In superhero comics, characters with extraordinary abilities are an expected presence, regardless of their origin. It was only recently that heroes like Supergirl or Superman began to be treated like the aliens they are. You can trace this idea to the 1980s, when comics crystallized Lex Luthor's view of Superman as an overreaching, interloping invader. Similarly, Zack Snyder's Man of Steel is about a wary world's first contact with a man-shaped powerhouse. But a lot of the stories that define Kryptonian heroes as aliens and immigrants tend to do so from the perspective of humanity. The central themes develop around Kara Danvers and Clark Kent thoroughly embracing that humanity, even though they are profoundly different. Few of those stories address how their alien status informs the way they see the world, other than granting them an outsider's perspective. And even fewer use it as a metaphor for actual immigration and race relations — like Supergirl is doing right now.
It's a subtle shift, but Supergirl has changed its world to be one where aliens exist and live among humanity. The show applied that change nonchalantly, with its plots about alien amnesty and speakeasies where aliens hide making it clear that aliens aren't just weekly problems that storm through National City and make a beeline for Supergirl. Instead, Supergirl is building its own distinct identity, one that uses its central conceit to explore real-world issues. By framing these stories as metaphors, it has become the most relevant — and daring — series in the CW's roster of superhero shows.
This episode is all about what it means to be a minority, and the ways expectations (and consequences) apply tenfold when you are a member of an underrepresented group. Like aliens, in Supergirl's parlance. "Survivors" addresses this on levels both macro and micro, lumping aliens together in the abstract for its main plot — in which an alien murder leads Kara and the DEO to an underground fight club run by the villain Roulette (played by Dichen Lachman of Dollhouse fame, double-dipping in comic book shows after a brief turn on the second season of Agents of S.H.I.E.L.D.) — and micro, via its subplots involving J'onn confronting M'Gann, and Mon-El convincing Winn to take him out for a night of partying.
Of those, the subplots involving the Martians are the most effective, as J'onn immediately wants to know M'Gann's story and "take the bond" with her. Even without context, this comes across very forward, and M'gann is taken aback. Later, J'onn explains to Kara and Alex that "the bond" is the telepathic link all Martians used to share, describing it as the platonic ideal of communication. Without lie or pretense, it's a chance for J'onn to live the way he was meant to live.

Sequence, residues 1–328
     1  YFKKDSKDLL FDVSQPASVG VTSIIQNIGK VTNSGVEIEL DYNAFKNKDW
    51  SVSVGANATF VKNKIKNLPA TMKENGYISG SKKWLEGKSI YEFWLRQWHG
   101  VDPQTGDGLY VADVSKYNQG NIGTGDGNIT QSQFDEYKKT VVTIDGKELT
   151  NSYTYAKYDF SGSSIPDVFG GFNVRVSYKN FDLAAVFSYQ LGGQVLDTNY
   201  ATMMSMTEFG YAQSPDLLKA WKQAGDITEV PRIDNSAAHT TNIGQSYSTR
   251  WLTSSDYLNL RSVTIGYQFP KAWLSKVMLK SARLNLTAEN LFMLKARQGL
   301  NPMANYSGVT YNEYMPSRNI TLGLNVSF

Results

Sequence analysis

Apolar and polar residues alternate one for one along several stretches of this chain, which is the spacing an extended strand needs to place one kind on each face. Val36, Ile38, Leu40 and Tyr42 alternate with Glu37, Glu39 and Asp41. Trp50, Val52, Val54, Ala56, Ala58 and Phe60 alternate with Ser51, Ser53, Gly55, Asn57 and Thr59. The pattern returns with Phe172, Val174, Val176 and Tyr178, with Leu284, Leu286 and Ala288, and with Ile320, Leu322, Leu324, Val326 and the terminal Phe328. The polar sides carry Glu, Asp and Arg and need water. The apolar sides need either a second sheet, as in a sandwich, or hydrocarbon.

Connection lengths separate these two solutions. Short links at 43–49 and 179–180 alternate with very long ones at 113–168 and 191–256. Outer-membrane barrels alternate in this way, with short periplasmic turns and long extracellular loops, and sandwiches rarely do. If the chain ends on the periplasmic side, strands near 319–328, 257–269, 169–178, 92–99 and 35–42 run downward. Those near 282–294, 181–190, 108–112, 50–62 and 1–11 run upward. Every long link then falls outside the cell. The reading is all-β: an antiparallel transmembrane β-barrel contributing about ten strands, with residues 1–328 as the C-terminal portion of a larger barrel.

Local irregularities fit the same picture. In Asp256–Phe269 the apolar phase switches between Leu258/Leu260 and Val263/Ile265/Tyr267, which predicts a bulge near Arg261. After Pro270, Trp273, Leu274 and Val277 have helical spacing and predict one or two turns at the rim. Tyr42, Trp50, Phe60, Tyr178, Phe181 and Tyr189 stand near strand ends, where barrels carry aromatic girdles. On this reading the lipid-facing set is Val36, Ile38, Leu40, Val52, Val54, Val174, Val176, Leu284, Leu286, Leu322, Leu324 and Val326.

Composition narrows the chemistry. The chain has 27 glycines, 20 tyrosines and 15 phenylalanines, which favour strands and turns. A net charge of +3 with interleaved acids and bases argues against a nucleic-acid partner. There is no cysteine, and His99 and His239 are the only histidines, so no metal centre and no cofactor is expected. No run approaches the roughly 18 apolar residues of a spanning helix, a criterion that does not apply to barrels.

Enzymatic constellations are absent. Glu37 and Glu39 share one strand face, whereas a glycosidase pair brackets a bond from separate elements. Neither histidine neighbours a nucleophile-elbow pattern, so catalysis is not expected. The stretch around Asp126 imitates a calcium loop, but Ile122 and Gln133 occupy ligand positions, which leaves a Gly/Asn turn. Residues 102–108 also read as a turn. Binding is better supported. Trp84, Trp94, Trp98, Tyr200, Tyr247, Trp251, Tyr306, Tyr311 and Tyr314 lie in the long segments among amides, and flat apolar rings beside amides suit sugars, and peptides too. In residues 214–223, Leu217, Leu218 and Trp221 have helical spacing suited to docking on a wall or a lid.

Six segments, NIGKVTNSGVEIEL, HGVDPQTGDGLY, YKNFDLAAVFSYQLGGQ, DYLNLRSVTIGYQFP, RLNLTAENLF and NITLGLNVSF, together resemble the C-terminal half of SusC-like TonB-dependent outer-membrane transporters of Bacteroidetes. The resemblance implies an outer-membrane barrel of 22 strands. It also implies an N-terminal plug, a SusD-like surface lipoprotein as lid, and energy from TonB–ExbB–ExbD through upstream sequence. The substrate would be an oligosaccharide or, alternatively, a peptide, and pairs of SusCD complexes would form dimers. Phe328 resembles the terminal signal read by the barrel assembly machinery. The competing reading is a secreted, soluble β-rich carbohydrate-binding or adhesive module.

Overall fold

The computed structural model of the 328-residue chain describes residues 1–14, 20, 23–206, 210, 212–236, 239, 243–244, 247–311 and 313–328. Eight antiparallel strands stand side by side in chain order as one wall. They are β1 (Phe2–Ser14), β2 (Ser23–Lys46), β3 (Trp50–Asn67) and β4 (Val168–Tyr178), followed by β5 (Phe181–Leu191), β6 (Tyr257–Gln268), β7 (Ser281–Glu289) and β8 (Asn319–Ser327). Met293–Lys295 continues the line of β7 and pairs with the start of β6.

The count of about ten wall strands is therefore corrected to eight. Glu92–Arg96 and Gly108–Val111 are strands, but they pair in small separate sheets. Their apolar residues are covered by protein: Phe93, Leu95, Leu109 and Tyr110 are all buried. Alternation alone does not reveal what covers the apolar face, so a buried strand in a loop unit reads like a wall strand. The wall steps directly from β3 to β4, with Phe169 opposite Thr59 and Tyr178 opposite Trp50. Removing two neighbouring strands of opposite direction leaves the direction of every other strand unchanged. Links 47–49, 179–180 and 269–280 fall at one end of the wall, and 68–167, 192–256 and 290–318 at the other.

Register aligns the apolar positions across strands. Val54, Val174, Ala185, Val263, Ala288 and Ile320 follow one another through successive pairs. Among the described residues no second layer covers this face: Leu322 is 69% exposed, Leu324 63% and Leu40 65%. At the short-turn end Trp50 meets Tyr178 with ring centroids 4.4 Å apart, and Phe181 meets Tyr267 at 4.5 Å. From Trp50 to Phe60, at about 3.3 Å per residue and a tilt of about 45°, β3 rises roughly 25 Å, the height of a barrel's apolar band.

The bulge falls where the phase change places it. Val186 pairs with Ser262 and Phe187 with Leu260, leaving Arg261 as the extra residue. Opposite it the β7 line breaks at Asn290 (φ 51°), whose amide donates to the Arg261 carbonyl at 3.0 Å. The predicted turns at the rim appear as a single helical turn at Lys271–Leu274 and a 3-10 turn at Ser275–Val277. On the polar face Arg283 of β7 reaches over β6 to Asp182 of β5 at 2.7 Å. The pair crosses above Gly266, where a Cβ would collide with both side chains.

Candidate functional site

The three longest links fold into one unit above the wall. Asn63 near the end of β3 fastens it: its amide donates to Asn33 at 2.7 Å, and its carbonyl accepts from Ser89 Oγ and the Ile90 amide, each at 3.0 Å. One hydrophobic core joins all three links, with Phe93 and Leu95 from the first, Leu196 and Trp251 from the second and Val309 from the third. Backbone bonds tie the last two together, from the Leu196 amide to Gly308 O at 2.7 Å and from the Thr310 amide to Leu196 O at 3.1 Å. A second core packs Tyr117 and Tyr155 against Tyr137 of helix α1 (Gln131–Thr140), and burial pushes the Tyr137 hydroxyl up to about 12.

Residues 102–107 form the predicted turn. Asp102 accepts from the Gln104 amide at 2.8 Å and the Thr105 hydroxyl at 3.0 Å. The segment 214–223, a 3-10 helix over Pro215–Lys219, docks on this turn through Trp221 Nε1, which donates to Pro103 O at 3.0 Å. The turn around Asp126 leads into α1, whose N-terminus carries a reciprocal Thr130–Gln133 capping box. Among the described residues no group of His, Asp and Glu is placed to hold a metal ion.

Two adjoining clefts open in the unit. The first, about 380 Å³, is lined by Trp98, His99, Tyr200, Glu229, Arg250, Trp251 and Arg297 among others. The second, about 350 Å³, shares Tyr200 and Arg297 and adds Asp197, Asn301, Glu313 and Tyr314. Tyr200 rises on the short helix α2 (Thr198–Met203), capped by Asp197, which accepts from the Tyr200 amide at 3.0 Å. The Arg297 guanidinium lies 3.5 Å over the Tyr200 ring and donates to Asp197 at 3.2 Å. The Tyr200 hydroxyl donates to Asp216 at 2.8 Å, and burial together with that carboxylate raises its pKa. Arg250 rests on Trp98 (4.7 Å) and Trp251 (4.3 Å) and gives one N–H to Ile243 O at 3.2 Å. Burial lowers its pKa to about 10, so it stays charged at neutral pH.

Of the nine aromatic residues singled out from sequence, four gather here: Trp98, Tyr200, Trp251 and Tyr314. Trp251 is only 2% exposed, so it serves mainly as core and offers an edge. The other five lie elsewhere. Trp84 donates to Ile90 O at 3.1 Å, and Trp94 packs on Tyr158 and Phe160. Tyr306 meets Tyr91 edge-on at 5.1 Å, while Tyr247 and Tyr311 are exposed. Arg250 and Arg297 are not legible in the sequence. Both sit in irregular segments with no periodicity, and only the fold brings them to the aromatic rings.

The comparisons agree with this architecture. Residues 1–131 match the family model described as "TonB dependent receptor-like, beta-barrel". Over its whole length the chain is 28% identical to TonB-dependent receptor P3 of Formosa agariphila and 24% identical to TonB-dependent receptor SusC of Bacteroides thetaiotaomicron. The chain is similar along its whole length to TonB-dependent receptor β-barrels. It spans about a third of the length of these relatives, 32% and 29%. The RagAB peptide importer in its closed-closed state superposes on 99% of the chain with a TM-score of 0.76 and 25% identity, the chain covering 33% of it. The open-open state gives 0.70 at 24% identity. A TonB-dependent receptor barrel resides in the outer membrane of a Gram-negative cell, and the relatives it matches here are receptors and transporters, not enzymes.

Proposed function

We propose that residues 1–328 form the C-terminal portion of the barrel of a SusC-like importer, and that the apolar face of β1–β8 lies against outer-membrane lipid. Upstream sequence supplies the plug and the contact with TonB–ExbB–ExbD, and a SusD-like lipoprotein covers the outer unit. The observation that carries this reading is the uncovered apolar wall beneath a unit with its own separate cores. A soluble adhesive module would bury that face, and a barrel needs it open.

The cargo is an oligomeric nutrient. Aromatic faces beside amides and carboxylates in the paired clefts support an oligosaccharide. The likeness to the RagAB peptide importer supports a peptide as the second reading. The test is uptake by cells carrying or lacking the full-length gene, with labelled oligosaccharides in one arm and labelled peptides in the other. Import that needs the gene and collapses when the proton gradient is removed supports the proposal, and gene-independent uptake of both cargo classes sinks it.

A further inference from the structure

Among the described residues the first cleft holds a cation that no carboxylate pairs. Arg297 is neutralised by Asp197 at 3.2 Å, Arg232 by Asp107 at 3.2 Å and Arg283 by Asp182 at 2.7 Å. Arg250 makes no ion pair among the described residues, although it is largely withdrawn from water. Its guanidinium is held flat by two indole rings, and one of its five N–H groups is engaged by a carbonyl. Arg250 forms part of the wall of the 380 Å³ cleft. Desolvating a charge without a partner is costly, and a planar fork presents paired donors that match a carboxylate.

J'onn's efforts to connect with M'gann get a bit more complicated when their story dovetails with the main plot, and it turns out M'gann — a.k.a. Miss Martian — is the reigning champ of Roulette's fight club. In his second, even more pushy confrontation, J'onn demands to know why M'gann would fight like that, and tries to coerce her into revealing Roulette's identity. She gives him up, but only after telling J'onn to never come back. He does, however, because Kara and Alex talk some sense into him and he wants to apologize for being so forceful. Unfortunately, Roulette is there and he captures J'onn, forcing him and M'gann to fight to the death for the title of last Green Martian.
During the fight, their opposing worldviews come to a head: M'gann, as a survivor of White Martian imprisonment, doesn't want to remember her old life, while J'onn is desperate for any last vestige of it. But together, they're all that is left to remember the Green Martians, and their decisions in the ring will define their race. "We don't have a choice," M'gann says when Roulette demands they fight to the death. "Our choices are all we have," J'onn reminds her.
So they don't fight, and Kara and the DEO arrive in time to break up the fight club. It's a satisfying conclusion, even as Roulette, a powerful woman with many connections, walks away scot-free.
Truth, Justice, and Other Notes:
- I know he hasn't been around for long, but "Survivor" did not do a lot to sell me on Mon-El. And I do not like the implication that James and Kara's relationship was wiped away. No siree, I don't like it at all.
- In further relationship disappointments, season-two OTP Maggie Sawyer and Alex Danvers suffer a huge setback. After bonding throughout their joint sexy Roulette investigation, we find out Maggie has a girlfriend.
- Without Cat Grant, CatCo is a tiny factory of minor irritations: Snapper Carr just spouts grumpy old journalism advice without a hint of charisma, and Kara does the worst, most unethical thing and gives him a story with Supergirl as a source. Why, Kara, why?
- Some hardcore DC Comics shout-outs to Warworld, with Draaga playing a minor role as Roulette's unstoppable gladiator. I wonder if this is merely a shout-out, or a tease for Mongul to eventually show up in some form?
- Hey, Winn gets to have some fun with Mon-El! He's still the fun goofy guy we know and love, but his screen time is just withering away this season.